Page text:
Whether the mounting stress of not knowing when your kids will return to in-person school has you reeling, or you and your partner disagree about whether or not your kids should return to school at all, the pressure to think through every possible scenario can feel weighty.
"In relationship disagreements, it’s far more effective to focus on the issue and not the partner or their opinion," Gallagher says. "In this case, the issue is the child returning safely to school, not your partner or what they think. When the focus of the discussion is 'how can we make sure our child is safe' instead of 'what we should do,' you’re far more likely to find a solution to the issue."
Athans recommends that parents write down their school safety concerns separately, then come together to discuss possible options, keeping in mind concerns about your child's physical and mental health. Remember, there isn't a right or wrong answer when it comes to how your child will learn best, be happiest, and be safe.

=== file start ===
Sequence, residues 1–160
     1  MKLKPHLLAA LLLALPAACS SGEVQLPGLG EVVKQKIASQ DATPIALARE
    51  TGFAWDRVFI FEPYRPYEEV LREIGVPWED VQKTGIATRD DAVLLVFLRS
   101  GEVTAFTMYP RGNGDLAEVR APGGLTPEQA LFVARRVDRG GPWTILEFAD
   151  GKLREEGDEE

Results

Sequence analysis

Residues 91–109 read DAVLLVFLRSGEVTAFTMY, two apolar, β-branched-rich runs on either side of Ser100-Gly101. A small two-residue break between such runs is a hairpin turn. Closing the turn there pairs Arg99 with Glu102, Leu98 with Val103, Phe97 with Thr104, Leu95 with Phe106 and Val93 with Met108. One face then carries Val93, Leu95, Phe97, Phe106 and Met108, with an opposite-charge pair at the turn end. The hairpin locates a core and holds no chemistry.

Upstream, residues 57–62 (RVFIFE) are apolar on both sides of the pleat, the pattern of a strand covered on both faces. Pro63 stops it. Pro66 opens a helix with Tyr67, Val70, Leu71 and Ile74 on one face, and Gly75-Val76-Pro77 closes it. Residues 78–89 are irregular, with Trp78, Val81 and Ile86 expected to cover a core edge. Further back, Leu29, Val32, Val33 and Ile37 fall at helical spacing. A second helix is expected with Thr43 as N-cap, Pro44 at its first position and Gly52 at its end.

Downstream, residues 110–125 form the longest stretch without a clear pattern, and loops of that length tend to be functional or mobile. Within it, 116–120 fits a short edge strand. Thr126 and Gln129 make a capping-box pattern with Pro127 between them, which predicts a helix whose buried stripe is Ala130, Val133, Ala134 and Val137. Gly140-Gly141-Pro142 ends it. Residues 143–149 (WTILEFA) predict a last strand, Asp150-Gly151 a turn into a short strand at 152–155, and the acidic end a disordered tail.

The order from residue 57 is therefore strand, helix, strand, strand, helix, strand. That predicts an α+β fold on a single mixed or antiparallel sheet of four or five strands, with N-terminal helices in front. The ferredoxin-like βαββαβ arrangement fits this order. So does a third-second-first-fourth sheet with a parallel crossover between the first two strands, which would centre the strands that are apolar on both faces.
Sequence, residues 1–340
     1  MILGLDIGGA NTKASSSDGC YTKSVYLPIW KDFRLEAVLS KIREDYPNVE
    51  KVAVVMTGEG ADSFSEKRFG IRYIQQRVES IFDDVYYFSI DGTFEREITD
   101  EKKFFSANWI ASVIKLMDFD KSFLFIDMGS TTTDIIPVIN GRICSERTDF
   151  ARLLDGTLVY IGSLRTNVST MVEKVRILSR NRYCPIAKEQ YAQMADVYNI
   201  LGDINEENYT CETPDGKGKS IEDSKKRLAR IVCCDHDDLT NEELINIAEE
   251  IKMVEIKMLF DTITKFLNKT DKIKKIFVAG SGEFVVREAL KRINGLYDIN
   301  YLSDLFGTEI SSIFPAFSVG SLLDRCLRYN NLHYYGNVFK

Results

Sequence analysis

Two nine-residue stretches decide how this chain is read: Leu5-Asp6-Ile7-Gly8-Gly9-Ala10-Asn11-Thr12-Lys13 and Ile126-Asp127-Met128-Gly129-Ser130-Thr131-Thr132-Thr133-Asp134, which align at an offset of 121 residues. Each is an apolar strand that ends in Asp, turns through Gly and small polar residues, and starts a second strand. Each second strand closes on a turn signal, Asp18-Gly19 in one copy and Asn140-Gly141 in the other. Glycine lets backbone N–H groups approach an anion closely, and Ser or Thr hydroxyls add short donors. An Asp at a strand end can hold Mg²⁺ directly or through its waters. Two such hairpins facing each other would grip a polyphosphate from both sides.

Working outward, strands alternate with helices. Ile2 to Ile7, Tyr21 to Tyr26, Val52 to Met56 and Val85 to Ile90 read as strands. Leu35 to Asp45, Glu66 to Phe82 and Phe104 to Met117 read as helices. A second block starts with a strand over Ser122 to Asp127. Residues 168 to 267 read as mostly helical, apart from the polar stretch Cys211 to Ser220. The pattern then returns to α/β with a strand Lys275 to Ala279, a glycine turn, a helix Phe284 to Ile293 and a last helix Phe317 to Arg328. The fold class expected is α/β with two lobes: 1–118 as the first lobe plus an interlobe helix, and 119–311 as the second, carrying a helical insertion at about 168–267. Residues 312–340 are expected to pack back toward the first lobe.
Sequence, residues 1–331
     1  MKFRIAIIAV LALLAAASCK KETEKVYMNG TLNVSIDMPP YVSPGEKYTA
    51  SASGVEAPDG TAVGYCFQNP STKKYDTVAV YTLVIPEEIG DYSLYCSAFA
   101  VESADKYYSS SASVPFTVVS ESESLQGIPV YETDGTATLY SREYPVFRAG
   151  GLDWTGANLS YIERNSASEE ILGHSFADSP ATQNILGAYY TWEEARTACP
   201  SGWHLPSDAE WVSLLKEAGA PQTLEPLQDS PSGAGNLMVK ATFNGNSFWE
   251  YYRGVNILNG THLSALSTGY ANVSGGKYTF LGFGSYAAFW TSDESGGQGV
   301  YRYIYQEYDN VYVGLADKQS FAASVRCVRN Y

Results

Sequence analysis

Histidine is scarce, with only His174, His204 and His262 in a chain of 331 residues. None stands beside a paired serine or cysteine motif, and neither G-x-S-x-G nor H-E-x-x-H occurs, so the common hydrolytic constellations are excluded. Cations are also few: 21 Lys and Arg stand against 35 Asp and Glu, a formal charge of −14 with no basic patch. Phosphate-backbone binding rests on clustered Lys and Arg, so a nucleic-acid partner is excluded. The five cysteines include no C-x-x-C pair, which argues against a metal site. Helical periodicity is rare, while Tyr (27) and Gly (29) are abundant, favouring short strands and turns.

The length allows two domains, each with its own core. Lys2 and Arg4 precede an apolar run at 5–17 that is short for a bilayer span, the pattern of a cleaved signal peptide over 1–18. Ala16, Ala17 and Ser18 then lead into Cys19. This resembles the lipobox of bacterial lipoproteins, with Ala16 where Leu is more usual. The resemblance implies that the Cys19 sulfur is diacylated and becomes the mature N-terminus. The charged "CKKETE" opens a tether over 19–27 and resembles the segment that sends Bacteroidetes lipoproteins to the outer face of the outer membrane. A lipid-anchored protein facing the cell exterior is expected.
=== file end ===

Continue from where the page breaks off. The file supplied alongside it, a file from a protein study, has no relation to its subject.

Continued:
"Ultimately you both respect each other and want to understand the other’s perspective," Fruitman says. "Remember that as parents we all really want the same thing: our kids to be healthy both physically, emotionally, and mentally."
If You Need More Space, You've Got To Ask For It
"The pandemic has certainly limited our options to engage in activities outside the house — work, play, daily necessities. If you’re feeling emotionally claustrophobic, you’re not alone, and time for personal self-care is important for self-esteem and growth," Gallagher says. "It starts with having a conversation with your partner and setting up personal time in your calendar. Time apart can make time together that much more special."
Spending time outdoors, away from cramped indoor spaces and the same four walls you've stared at for months, is an ideal option. When you're feeling touched-out, need to recharge, or just need half an hour to take care of yourself, it's imperative that you speak up. The conversation isn't always fun, but it's crucial.